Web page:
decided.: December 16, 1952.
Before SWAN, Chief Judge, and L. HAND and FRANK, Circuit Judges.
L. HAND, Circuit Judge.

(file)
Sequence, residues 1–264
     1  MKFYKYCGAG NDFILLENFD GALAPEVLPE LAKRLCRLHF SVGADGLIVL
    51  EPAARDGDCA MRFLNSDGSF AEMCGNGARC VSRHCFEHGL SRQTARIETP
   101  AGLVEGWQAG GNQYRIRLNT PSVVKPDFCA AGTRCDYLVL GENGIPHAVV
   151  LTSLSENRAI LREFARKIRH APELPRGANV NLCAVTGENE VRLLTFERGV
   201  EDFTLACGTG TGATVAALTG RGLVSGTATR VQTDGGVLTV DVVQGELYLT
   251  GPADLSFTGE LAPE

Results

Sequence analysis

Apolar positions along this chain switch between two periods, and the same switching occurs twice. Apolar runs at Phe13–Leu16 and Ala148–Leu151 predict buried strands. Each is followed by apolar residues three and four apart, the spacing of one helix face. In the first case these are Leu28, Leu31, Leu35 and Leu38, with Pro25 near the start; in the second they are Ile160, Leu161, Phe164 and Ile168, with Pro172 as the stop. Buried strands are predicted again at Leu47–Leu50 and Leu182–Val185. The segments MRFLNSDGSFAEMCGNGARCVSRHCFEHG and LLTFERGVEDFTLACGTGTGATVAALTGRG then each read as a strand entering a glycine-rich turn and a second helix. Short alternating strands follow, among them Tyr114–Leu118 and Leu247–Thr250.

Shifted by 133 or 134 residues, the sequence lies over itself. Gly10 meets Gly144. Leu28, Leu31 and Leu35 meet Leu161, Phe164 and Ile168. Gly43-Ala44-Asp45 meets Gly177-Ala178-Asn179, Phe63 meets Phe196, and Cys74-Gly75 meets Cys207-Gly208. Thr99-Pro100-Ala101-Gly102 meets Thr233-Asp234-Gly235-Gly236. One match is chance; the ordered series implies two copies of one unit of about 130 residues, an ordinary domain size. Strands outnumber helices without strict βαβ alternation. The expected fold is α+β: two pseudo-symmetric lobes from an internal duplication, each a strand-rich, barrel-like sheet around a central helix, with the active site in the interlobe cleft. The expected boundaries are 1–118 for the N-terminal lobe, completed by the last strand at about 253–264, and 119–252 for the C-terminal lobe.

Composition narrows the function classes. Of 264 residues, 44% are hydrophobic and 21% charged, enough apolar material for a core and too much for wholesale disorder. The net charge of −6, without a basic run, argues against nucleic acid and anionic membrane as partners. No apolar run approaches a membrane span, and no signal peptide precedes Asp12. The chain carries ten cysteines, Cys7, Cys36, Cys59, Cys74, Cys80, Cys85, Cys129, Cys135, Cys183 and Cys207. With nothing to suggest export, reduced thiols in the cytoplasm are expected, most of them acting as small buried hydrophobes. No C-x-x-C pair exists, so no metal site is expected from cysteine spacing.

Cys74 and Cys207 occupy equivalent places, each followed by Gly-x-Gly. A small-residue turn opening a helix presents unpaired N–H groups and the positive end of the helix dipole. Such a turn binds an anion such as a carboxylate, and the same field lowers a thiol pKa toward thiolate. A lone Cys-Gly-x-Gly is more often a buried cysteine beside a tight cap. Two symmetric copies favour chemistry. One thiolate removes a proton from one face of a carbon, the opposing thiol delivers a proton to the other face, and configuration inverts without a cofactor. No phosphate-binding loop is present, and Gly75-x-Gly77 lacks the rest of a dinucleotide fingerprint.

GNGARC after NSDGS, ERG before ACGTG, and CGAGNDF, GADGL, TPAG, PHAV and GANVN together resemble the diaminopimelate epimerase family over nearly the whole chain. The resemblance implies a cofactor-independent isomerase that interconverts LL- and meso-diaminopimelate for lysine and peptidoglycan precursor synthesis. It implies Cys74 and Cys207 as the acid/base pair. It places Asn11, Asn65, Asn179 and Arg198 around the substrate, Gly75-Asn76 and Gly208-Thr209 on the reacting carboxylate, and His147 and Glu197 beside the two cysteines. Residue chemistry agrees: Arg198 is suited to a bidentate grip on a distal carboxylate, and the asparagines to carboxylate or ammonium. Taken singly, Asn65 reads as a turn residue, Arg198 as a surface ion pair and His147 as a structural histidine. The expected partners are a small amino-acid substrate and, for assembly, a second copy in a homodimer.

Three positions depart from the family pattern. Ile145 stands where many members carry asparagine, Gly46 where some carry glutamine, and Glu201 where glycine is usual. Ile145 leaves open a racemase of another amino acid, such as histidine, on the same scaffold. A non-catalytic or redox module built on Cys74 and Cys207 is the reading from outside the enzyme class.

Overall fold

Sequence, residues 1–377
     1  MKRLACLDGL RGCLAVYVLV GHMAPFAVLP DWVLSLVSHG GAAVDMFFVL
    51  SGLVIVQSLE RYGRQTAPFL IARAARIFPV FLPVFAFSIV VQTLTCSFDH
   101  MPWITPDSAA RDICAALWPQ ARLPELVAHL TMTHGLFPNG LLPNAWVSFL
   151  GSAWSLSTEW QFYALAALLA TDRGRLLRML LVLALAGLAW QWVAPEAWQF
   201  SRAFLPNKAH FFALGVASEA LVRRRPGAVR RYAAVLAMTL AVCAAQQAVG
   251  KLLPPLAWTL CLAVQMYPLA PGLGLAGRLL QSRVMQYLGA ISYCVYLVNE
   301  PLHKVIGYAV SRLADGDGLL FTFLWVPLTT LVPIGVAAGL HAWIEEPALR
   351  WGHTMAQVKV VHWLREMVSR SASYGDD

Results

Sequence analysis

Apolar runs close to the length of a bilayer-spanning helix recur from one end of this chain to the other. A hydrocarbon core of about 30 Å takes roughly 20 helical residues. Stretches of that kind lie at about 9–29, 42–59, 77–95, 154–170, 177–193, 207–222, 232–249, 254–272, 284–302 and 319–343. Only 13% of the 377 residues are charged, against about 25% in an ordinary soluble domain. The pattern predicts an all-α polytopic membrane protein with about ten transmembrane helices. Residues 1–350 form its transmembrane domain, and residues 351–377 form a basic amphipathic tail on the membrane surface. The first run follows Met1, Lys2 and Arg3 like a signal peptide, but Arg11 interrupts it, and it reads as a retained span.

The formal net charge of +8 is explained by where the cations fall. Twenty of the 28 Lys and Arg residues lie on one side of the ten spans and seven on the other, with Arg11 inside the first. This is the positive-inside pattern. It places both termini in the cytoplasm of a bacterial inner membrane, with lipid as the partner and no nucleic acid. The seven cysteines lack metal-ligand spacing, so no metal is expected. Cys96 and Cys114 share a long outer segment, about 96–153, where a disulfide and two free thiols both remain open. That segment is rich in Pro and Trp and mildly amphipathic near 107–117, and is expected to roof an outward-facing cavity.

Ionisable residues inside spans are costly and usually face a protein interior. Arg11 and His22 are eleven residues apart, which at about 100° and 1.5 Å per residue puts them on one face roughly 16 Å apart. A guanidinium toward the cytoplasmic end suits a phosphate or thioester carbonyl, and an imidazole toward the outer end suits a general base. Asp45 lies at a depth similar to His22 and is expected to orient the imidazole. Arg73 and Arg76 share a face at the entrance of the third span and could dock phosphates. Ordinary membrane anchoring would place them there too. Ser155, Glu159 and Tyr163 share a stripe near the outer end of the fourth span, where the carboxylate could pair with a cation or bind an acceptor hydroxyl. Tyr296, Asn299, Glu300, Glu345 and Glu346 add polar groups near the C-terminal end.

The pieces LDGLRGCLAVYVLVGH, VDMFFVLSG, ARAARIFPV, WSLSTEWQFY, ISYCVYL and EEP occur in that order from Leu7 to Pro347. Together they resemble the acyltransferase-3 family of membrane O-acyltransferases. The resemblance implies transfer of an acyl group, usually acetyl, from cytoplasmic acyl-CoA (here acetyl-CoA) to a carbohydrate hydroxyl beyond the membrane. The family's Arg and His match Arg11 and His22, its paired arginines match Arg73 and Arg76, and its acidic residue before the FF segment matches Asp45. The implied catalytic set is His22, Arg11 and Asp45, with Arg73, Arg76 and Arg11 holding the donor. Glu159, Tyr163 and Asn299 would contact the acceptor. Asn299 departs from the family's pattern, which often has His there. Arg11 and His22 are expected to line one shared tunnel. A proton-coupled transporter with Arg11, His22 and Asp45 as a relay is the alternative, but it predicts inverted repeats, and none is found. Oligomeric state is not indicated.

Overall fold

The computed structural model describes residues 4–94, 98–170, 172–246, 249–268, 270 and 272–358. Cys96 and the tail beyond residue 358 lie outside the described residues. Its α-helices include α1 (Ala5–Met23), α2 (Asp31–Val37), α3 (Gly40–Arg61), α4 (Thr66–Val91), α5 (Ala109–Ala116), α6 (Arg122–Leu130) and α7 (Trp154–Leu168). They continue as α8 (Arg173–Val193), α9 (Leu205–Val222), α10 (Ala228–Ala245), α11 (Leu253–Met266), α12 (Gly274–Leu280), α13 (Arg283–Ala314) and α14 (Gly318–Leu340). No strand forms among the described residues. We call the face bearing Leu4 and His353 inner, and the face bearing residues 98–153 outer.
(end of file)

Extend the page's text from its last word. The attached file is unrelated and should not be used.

This is an appeal from a judgment of conviction under an indictment in three counts for selling narcotics,*fn1 each in identical words except that they laid the sales at different dates: i.e., that the accused "did receive, conceal, sell and facilitate the transportation, concealment and sale" of heroin. The evidence proved beyond dispute that Sherman, the accused, on three separate occasions - November 1st, November 7th and November 16th, 1951 - sold heroin to one, Kalchinian, whom the "Bureau of Narcotics" had employed as a decoy to make a case against him; and his only defence was, and is, that he was "entrapped" to commit the crimes. That issue the judge left to the jury over Sherman's objection that the "entrapment" had been proved. Sherman did not take the stand, and the only proof of the sales was the testimony of Kalchinian, who swore that he had been an addict to the drug and that, when he made the purchases from Sherman, he was under criminal charges for having dealt in narcotics unlawfully. Moreover, when he bought, he was acting as an agent of the Bureau of Narcotics, and it was his job "to go out and try to induce a person to sell narcotics." During the autumn of 1951 he had been a patient of a Dr. Grossman who was treating him to rid him of the habit, and it was in Grossman's office that he met Sherman, who was also an addict and a patient of Dr. Grossman on the same quest. The two became acquainted in this way, but nothing took place between them that was relevant until after several interviews. On one occasion, when they were both at the same pharmacy to get their prescriptions filled, Kalchinian asked Sherman "what his experiences had been when he was using narcotics and he told me, and I asked him then where he was getting it and the quality of the narcotics he had been purchasing and he told me." He said he had been getting "fairly good quality * * * from a fairly goodsized operator and I asked him whether I could meet the man." Sherman answered that this would be difficult because the "man" was going out of the business; but finally, in answer to Kalchinian's question whether there was "any possible chance for you to buy it from this man," Sherman said that he could do so. Kalchinian then asked how small a dose he could get and they agreed that Sherman should buy one-sixteenth of an ounce and split it with Kalchinian, who "asked him to try and do that, and asked him if I could get in touch with him. He didn't encourage me, he didn't tell me. He said he would call me and I gave him my phone number * * * and he promised to call me there." After tw or three calls to tell Kalchinian that he had not been successful, Sherman Finally rang him up about the first of September and they arranged upon a meeting, at which Sherman told him that he had bought a quantity of the drug - presumably one-sixteenth of an ounce - for $25 which he would divide, if Kalchinian paid him $15.00 - $12.50 for the half delivered, and $2.50 for cab fare and his trouble. That was the first sale and the second, which took place about a week later, was precisely like it: that is, Sherman again called him up and arranged for a meeting where Sherman's purchase was divided between them. Neither of these sales was among those charged in the indictment. Having in this way started a course of buying, the agents of the "Bureau of Narcotics" arranged that the next time Sherman should ring up to fix a meeting, some of their number should be nearby, and the customary procedure should be set going: the preliminary search of the decoy, the delivery of marked money to him and upon his return from the purchase an immediate search of his person for the drug. The testimony would justify a finding that the sales in the indictment were made in performance of an understanding between the two that, as Kalchinian was likely from time to time to be in need of heroin and as Sherman was likely from time to time to be able to supply his needs, he should ring up Kalchinian whenever he learned that a new supply was available and inquire whether Kalchinian had any use for it. Kalchinian was of course free to put an end to this arrangement but it was in force at the time of each of the sales in question.